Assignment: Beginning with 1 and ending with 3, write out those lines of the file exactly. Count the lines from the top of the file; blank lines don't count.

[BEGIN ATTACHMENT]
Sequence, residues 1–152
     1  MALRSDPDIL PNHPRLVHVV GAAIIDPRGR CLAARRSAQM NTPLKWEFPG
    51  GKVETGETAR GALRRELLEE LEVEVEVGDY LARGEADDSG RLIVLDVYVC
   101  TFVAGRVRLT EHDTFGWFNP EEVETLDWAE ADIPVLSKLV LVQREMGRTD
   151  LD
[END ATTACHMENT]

Sequence, residues 1–152
     1  MALRSDPDIL PNHPRLVHVV GAAIIDPRGR CLAARRSAQM NTPLKWEFPG
    51  GKVETGETAR GALRRELLEE LEVEVEVGDY LARGEADDSG RLIVLDVYVC